Brief Encounter   PLAYBILL.COM'S BRIEF ENCOUNTER with Debra Monk
The actress known for playing earthy characters in Steel Pier, Company and Pump Boys and Dinettes takes on the part of a seasoned old-time producer in the new musical Curtains.
Debra Monk in Curtains.
Debra Monk in Curtains. Photo by Craig Schwartz

Debra Monk inhabits Carmen Bernstein, a brassy lady who puts the broad in Broadway producer. Carmen's new Broadway-aimed musical is threatened when her star is murdered in the out-of-town tryout.

Such is the plot of the murder mystery musical from the hands of John Kander, Rupert Holmes and the late Fred Ebb and Peter Stone. The show is itself making its debut out of town — at Los Angeles' Ahmanson Theatre, with an eye on Broadway.

The Tony Award-winning star seen in the 2004 Broadway revival of Reckless — who has since appeared in Chicago and Off-Broadway's Show People — spoke with about her current turn. Explain the musical Curtains for anyone who has never heard of it.
Debra Monk: Curtains basically is about an out-of-town tryout of a new musical in 1959 at the Colonial Theatre coming to Broadway. It stars a former film star, who's not very good, she can't really sing, she can't really dance. On opening night, at the end of her curtain call, she faints and later on you find out that she had died. Who do you play in the musical?
DM: I'm the producer of the show. Carmen Bernstein is kind of a tough, real business woman and she's a great character. Not based on any one producer we know because it takes place in the fifties. You've been with the show since its early development, how has it evolved? And your character?
DM: 2001 was the first reading I did of it. [Director] Scott Ellis talked with Freddy and John about doing a reading of it with Peter Stone who had written it. We did the first reading and I've done like, I can't remember if it's five readings or so, over the years, many different readings with many different people. Then, unfortunately we lost Peter and we got Rupert, which was just a wonderful thing. And then we lost dear Freddy and John decided he wanted to finish the show. That was the impetus and then the thing that really pushed it through was when Michael Ritchie, who runs the Center Theatre Group, told Scott "Bring it here."

A lot of things have changed and I don't want to give away the plot, so I don't want to talk about too much because it's a murder mystery and I really want people to come see it fresh and not know what it's about. But, basically I could just say that it has always been a murder mystery, but when Rupert got a hold of it, he changed it slightly and there's lots of surprises. So, when you think you think you know what's happened, it always changes. And that touches all of our characters, not just mine. But she always was a pretty strong character and all the songs that I have were written before Freddy died and they're really... she's pretty much out there with what she's saying. Pretty tough and funny, very funny. Tell me a bit about the other characters and actors involved.
DM: David Hyde Pierce plays the detective who comes to the theatre. And we are all quarantined in the theatre so he could solve the murder and he also solves all the problems of the show. Karen Ziemba and Jason Danieley play a married couple who are now divorced and they're working together> They're a songwriting team, a very successful one, but they haven't had a hit in a while and they're in this show and it's falling apart. During the process of the show, since our leading lady dies, our director — brilliantly played by Edward Hibbert — decides that Karen Ziemba's character, Georgia Hendricks, should take over the lead. She was a former singer and dancer and even though she hasn't danced in a long time, she takes over the role. What is the name of the musical within the musical?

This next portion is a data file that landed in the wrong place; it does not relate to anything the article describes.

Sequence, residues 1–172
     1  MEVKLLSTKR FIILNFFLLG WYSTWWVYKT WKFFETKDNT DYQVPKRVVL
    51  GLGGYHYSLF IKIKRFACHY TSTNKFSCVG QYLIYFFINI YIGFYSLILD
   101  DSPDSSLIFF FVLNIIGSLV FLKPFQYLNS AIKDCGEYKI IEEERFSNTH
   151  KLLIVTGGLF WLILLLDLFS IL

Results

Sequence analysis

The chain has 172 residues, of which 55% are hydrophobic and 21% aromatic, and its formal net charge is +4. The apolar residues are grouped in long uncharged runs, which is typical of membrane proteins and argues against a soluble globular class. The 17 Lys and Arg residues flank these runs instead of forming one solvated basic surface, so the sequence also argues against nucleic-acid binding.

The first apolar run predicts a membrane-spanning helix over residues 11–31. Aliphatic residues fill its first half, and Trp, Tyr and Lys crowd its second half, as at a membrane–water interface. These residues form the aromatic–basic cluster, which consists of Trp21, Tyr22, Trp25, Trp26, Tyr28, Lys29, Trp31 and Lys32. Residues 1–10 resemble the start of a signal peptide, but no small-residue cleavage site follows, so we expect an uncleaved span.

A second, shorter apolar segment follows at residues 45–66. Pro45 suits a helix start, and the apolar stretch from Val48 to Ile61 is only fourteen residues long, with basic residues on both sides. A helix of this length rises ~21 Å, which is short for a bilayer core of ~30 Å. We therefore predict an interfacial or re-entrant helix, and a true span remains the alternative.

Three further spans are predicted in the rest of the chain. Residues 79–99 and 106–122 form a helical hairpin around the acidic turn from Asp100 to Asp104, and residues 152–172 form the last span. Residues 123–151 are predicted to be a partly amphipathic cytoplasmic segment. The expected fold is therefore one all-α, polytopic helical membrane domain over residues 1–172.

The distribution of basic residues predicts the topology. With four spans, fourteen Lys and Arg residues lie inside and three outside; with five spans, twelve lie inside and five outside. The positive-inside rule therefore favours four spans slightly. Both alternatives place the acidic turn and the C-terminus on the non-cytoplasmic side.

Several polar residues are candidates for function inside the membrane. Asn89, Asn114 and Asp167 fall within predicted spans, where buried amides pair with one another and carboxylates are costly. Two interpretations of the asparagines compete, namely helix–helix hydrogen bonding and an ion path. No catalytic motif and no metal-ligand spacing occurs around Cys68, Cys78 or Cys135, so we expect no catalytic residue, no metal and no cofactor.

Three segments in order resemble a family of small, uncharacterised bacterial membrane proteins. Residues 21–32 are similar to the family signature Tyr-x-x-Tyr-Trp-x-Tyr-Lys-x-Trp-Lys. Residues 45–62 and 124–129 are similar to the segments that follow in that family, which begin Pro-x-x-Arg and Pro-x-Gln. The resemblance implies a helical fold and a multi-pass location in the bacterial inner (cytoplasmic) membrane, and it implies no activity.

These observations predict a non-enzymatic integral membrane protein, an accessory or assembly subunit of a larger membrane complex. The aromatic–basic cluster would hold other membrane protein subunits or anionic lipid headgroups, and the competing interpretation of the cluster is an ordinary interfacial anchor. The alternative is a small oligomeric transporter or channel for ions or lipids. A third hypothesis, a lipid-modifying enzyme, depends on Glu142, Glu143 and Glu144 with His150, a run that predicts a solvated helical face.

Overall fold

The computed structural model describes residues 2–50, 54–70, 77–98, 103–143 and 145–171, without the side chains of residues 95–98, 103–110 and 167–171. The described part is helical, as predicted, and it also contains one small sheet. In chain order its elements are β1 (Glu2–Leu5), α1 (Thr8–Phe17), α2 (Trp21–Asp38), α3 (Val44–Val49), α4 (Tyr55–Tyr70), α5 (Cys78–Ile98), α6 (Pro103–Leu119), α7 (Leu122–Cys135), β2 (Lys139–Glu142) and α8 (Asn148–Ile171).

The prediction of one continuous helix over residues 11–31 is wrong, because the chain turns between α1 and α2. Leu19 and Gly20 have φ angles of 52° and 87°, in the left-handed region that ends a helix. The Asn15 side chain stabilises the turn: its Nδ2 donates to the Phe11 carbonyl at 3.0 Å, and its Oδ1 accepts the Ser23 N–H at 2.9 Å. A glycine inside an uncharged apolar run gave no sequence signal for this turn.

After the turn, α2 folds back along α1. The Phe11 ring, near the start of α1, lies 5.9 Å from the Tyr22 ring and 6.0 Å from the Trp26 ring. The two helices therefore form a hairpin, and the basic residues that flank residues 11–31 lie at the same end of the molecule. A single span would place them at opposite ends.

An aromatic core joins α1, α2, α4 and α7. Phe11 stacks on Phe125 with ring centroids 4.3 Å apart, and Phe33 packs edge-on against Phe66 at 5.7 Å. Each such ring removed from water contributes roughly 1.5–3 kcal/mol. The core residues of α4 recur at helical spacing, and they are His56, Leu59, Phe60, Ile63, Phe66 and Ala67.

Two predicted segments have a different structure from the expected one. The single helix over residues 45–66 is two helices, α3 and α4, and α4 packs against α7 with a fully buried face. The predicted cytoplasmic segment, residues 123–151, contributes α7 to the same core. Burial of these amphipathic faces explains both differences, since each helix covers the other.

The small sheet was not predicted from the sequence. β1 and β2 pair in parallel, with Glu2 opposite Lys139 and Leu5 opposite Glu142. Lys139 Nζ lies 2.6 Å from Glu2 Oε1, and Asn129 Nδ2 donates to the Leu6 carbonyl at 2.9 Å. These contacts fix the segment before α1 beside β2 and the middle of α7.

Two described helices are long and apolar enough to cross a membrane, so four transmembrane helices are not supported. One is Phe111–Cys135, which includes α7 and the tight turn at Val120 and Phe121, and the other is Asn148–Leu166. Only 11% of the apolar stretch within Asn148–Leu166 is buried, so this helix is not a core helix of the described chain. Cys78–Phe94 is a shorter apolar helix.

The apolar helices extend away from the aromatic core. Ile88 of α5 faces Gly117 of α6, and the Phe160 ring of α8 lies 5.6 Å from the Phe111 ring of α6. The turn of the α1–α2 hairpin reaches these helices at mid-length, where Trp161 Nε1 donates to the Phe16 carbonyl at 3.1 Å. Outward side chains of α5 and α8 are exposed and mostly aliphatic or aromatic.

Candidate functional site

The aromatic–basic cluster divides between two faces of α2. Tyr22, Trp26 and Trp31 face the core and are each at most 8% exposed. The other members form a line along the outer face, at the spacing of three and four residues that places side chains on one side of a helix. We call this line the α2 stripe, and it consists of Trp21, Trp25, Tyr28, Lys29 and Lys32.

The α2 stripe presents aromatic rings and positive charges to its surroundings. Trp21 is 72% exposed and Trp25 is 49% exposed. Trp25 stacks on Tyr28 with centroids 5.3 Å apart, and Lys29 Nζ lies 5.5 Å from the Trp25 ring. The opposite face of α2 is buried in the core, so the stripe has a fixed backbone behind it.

DM: Robbin' Hood. It's a western version of Robin Hood, Robin Hood set in Kansas. You've been involved in recent years with a number of developing works, from James Lapine's Mrs. Miller Does Her Thing to Jeff Whitty's Suicide Weather, is that something you seek out?
DM: I don't choose anything. You know, it just so happens that these things come along when they do. When we started Curtains in 2001, who knew that it would take until 2006 to do it? I mean, I choose projects because they are [attached to] great people and I love Freddy and John and Scott Ellis and all the people involved in [Curtains].

I really try to choose things that I want to do and be involved with and that's what I do. So, if are in development or if they're revivals, whatever it is, it just so happens that they are. Reckless was a revival and it just so happened that that was another great instance with [director] Mark Brokaw and [star] Mary-Louise Parker, so I jumped at that one. I'm just lucky that I get a chance to do these different things. But, I never plan anything specific because you really can't. You made a cameo in The Producers movie as Lick Me-Bite Me, one of the elderly ladies Nathan Lane's Max Bialystock coaxes money from. Can we expect to see you on the big screen soon in perhaps a bigger role?
DM: I just finished doing a movie called "The Savages" with Laura Linney and Philip Seymour Hoffman which is supposed to come out, I guess, in the fall. Laura and Philip play sister and brother and their father is an aged man who has been living with my mother and when my mother dies, I tell them they have to take over their father now. Can we expect to see you in Curtains if/when it comes to Broadway?
DM: Oh God yes, I've been with this too long. [Laughs.] No no no, I'm with it for the [long haul]... I really wanted to do this for Freddy, I'm just determined to do this as long as we can do it and hopefully we'll get a chance to do it on Broadway for him.

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